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'Zimbabwe local authorities failing to cope with population explosion'

by Staff reporter
07 Nov 2018 at 06:28hrs | Views
MOST local authorities are failing to keep pace with the population explosion in urban centres, hence their failure to provide adequate services such as water and sewer reticulation, Auditor- General Mildred Chiri noted in her 2017 report.

Chiri said cities and towns such as Chinhoyi, Chegutu, Kariba and Kwekwe were struggling to pump enough water for use by residents because of lack of adequate infrastructure.

"Chinhoyi and Chegutu municipalities have seen a general increase in population size over the years, and the current daily demand for water has exceeded the local authorities' capacity to supply this need," Chiri said in her report.

"Chinhoyi Municipality has a daily water supply of 15 mega litres against a demand of 30 mega litres, and Chegutu Municipality water reservoirs have a carrying capacity of 12, 5 mega litres in contrast to an expected 22, 5 mega litres."

Chiri said the water level in Kariba Dam was dire to the extent that water has to be pumped 24 hours a day directly from the treatment plant to consumers, with power outages worsening the situation as it resulted in immediate water cut-offs.

"Kwekwe City Council had 8 917 non-functional water meters against total connections of 19 030, and almost half of the city's residential areas had non-functional meters. Of Sanyati's 557 water connections, 199 meters were non-functional," she said.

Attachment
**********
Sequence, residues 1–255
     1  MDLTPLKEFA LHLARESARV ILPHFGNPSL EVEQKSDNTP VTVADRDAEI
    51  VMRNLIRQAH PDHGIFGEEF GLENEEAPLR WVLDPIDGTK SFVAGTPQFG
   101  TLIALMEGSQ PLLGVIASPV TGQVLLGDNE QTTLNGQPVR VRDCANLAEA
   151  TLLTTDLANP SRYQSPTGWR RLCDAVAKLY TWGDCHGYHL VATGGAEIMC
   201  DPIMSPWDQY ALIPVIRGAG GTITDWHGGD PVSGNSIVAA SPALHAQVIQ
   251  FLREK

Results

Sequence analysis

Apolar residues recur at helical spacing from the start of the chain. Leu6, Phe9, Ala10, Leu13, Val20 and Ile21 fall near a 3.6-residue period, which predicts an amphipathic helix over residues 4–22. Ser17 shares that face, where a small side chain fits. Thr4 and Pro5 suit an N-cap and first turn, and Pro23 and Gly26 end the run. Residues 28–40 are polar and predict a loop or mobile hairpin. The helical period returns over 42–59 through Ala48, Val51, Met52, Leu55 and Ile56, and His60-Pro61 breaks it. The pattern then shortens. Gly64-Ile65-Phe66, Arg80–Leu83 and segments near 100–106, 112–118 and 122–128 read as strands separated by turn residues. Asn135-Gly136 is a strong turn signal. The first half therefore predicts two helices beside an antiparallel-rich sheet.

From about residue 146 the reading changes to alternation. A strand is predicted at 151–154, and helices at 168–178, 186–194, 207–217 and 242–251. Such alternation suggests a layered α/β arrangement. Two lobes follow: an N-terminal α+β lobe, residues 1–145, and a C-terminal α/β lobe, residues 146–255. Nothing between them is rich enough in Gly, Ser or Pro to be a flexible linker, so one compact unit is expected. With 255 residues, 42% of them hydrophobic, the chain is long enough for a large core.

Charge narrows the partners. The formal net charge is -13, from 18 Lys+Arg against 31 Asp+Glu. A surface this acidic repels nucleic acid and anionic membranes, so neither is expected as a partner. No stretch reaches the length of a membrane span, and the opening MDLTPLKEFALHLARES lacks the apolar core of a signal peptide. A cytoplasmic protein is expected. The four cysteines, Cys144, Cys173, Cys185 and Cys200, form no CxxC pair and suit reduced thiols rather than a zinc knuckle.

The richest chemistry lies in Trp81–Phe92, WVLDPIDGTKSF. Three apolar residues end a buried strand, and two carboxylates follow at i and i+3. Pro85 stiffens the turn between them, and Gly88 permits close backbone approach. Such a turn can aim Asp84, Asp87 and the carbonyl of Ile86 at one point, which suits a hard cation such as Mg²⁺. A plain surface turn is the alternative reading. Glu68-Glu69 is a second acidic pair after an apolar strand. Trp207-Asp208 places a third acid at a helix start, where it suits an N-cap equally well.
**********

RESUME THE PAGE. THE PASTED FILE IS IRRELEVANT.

The report said some councils had outdated valuation rolls, which were no longer compatible with the current economic status, resulting in inappropriate rates being charged to residents, especially Kadoma City Council whose roll was last updated in 2003 and Karoi Town Council in 2001.

Chitungwiza Municipality failed to remit $19 475 623 for NSSA, PAYE, VAT, medical aid and pensions for their employees, as well as other municipalities like Marondera ($9 771 162), Kariba ($4 883 290), Kadoma City Council ($4 640 171) and Karoi Town Council ($1 508 922).

For Harare City Council, Chiri noted that traffic management system was not working.

"Management said the central controller was last used in 2006 when it stopped functioning, and in addition management further represented that out of a total of 195 traffic intersections, 18 had traffic controllers which needed replacement and 127 did not have traffic controllers," she said.

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Source - newsday

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